All but one of the basic bead weaving stitches fall into two categories, which I like to call “straight” and “boxed”. The two straight stitches are peyote and herringbone - for these stitches, you pick up and pass through new beads once, then pass straight through beads in a previous row once.
The initial portion of the bracelet below is done in peyote stitch.
The boxed stitches are ladder stitch, square stitch and RAW (right angle weave). To make these stitches, you will pass through each bead several times, making a sort of box as you add beads.
The bracelet below was stitched in RAW, then embellished with pearls and picots.
The one stitch that doesn’t quite fit either category is brick stitch, although it has features in common with both straight and boxed stitches. Brick stitch’s best qualities are that it lends itself very well to increases and decreases, and leaves no thread showing on the sides.
So what difference does it make? Well for one thing, the fewer times you pass through each bead, the faster your work will go, and if you make a mistake and have to “reverse bead” it will be faster and easier to undo as well. For another thing, the fewer times you pass through each bead, the more drape your work will have; this could be either good or bad, depending on the look you want. Finally, if your thread should break after a piece is finished, you will probably lose more beads with the straight stitches.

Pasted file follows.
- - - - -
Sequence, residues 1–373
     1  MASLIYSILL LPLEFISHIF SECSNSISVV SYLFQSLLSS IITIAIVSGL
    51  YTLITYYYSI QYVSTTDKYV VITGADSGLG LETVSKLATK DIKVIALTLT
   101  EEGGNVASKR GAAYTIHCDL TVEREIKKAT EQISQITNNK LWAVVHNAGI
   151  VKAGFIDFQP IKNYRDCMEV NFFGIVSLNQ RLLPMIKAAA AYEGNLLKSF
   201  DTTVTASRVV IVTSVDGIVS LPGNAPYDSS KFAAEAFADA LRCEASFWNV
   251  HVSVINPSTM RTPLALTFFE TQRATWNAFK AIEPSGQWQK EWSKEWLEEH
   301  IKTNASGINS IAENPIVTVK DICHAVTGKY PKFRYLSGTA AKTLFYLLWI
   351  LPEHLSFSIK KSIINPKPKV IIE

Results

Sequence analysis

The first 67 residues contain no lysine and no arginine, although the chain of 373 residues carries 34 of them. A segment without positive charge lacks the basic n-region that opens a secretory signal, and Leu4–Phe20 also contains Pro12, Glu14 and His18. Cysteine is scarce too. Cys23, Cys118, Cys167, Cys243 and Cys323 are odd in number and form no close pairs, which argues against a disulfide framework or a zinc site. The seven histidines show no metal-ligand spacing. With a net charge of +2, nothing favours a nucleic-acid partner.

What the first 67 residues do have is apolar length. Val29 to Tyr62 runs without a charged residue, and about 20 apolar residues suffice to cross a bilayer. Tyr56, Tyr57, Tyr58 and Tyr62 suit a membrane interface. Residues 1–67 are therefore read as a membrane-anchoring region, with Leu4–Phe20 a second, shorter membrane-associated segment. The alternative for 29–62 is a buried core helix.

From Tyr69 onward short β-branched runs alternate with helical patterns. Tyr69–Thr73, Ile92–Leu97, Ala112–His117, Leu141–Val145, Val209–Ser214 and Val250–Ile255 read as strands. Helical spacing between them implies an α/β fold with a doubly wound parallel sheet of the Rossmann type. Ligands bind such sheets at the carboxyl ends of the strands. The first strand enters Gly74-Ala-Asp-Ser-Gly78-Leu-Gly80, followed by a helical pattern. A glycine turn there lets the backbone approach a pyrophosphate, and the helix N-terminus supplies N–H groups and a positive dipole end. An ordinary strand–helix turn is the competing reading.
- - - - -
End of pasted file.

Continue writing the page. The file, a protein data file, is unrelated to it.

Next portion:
The free form pendant on the necklace below combines peyote, square and brick stitches for a highly textured piece.
Now get on out there and bead! ;-D